Christine Conley-Smith, director of creative and content management operations at Roche, recently fielded questions from Emma Hyland, vice president of commercial content at Veeva, about balancing an emerging global content strategy with local needs.
EH: Does pharma need a global-to-local strategy for content, and if so, why?
CCS: Yes, there are a few reasons. The first is content reuse. We know there’s a general ambition to seize the value story and reuse content, which helps limit duplication of effort and cost. Second, we know that global-to-local is essential for setting up a modular content model – a journey many of us are on and a big topic of conversation at Veeva Commercial Summit.
The third reason is that it helps us deliver – or at least set up – the framework for personalized content and a consistent brand experience. We want patients and customers to have the same brand experience with us no matter where they are. And while sometimes we know the information may vary based on local markets, the branding or the look and feel should be consistent.
Operational efficiency is also a priority. It’s much easier to manage and drive change internally than with external business partners. And it’s a lot easier to leverage our enterprise resources if we all use the global-to-local blueprint to help guide us.
EH: How do you see content operations and content strategy working together?
CCS: An organization’s culture is critical in designing a global content operations strategy that balances the autonomy of local markets. I’m also mindful about saying, “you have to do this because of an enterprise objective” – that narrative doesn’t resonate well.
In some cases, global is leading on specific initiatives, but in other cases, some of our larger affiliates, like the U.S., France, and Germany, have expressed a strong interest and taken the lead. Every company will be different, but I put a stake in the ground for content operations wherever we can. Then we take that value story out on our roadshow and try to grow and scale global-to-local or vice versa.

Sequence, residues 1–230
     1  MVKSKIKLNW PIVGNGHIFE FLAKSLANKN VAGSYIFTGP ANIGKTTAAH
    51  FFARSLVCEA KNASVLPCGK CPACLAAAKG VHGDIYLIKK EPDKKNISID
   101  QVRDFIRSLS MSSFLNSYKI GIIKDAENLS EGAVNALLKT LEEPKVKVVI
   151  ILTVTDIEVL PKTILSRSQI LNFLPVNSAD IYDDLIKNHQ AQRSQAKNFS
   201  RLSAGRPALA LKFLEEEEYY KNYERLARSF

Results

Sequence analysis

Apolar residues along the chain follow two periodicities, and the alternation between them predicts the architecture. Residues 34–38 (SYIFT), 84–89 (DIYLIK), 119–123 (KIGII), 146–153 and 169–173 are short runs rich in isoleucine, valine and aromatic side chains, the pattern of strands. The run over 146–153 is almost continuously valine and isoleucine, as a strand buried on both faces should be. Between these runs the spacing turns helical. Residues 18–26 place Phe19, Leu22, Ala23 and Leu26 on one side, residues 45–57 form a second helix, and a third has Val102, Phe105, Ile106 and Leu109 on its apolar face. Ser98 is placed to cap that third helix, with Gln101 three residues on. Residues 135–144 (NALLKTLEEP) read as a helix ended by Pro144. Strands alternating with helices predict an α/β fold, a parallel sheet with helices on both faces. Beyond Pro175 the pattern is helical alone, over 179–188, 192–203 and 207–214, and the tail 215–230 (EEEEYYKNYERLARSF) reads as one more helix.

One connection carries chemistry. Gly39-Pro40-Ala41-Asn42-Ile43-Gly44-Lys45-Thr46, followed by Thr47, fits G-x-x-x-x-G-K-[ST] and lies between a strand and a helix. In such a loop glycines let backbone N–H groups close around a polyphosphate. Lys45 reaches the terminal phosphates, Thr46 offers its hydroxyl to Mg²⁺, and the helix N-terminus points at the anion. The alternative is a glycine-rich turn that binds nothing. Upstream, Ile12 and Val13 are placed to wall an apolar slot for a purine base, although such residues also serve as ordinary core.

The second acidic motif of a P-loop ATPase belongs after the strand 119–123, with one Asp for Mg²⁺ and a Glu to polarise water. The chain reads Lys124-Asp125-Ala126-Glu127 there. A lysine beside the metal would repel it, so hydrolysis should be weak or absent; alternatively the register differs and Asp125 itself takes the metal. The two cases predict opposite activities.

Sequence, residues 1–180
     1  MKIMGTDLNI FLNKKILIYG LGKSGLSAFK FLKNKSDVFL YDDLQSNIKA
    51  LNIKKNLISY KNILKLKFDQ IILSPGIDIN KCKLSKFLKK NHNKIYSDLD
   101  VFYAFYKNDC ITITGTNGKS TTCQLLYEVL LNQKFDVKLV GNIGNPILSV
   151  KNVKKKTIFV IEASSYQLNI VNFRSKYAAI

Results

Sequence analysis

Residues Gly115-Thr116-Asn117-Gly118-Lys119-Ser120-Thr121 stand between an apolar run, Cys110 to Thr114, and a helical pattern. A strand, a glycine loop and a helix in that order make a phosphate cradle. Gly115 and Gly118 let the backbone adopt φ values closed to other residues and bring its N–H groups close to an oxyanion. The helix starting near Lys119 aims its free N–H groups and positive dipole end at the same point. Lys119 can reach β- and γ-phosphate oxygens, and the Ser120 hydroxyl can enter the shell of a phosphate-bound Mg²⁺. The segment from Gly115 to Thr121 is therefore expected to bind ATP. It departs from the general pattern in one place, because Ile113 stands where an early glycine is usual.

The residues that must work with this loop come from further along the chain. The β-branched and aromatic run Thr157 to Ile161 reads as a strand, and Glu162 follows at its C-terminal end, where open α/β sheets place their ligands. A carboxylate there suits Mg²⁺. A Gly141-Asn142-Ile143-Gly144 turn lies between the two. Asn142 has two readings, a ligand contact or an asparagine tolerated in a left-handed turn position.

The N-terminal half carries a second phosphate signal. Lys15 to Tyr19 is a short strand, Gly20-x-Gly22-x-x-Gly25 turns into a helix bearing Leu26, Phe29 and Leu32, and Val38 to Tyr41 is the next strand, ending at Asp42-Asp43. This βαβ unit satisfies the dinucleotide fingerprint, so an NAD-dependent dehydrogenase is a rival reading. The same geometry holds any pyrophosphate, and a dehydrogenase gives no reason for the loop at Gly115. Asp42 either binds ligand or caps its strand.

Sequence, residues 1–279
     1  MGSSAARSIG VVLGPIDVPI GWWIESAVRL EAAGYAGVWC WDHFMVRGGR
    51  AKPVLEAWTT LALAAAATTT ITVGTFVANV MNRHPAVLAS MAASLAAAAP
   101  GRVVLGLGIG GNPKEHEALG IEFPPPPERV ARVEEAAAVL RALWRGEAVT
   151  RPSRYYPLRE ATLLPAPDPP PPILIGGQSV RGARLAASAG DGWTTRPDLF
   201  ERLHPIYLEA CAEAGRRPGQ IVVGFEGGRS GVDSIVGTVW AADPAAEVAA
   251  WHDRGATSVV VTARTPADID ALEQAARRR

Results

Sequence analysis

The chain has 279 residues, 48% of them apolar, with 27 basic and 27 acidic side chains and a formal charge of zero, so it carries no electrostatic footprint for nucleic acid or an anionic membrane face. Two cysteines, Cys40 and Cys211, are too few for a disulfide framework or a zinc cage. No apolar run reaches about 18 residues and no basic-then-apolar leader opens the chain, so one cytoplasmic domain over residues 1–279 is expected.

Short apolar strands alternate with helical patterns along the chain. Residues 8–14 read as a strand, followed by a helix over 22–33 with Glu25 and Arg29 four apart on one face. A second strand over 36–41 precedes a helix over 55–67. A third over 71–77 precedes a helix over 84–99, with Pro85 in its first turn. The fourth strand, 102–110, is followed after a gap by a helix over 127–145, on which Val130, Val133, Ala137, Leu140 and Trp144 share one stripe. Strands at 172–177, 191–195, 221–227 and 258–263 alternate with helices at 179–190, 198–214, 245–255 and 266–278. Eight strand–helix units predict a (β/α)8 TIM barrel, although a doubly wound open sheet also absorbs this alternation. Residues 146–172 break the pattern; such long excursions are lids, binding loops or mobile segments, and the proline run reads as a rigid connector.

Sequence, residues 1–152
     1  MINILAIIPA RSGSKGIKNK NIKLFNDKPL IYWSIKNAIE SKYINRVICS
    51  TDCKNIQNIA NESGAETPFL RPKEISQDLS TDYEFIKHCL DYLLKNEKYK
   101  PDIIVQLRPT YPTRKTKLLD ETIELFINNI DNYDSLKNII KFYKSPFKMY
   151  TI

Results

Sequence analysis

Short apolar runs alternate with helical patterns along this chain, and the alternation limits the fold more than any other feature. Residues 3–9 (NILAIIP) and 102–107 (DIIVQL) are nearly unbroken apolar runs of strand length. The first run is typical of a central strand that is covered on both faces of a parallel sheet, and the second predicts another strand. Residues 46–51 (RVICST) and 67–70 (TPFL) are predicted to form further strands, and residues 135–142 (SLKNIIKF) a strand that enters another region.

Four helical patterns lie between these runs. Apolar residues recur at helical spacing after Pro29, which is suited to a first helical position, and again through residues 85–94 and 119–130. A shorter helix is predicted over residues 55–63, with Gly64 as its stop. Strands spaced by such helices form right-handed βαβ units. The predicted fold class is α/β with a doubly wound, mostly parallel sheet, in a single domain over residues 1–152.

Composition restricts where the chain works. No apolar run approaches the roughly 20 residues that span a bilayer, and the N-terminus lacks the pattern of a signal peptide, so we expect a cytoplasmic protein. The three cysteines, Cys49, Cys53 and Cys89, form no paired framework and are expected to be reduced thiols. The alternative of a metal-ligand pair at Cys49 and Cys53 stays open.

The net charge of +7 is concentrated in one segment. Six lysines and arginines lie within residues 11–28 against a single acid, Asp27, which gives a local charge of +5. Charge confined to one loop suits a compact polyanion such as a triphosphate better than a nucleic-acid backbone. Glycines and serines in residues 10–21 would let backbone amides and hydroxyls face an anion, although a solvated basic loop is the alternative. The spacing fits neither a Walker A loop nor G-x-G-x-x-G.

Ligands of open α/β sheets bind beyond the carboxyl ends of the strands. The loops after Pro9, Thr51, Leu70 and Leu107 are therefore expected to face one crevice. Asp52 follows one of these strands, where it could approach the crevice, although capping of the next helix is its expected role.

EH: How do you influence best practices across more autonomous entities?
CCS: We want everyone to follow best practices and behaviors. And people come to us and ask, “What are those guidelines we should follow?” And we’ll help educate them about best practices, such as getting source files to make content reuse easier.
EH: How do you know when you’ve been successful? And what are you benchmarking that success against?
CCS: You have to define some KPIs. For example, you might want to increase content reuse by a certain percentage or reduce MLR cycle time. You have to decide what’s important for you and what KPIs will help you measure success against your strategic objectives.
Veeva Pulse Content Metrics also helps benchmark where you stand against others in the industry, even if you still need to identify formal metrics or KPIs.
EH: Are there other resources or advice you would suggest?
CCS: Industry conferences are a great way to upscale and widen your perspective. Conversations with industry peers at Veeva Commercial Summit have helped me accelerate my thinking. But also, you can learn from colleagues in your own organization who inspire you to be great leaders.
Another piece of advice someone shared with me: “It’s OK to fail.” We’re all working in a very innovative space, and there isn’t a single formula to follow. Be courageous and know when to fail fast. I often quote Franklin D. Roosevelt, who said, “A smooth sea never made a skilled sailor.”
Read more about how Roche balances local needs with global content strategy.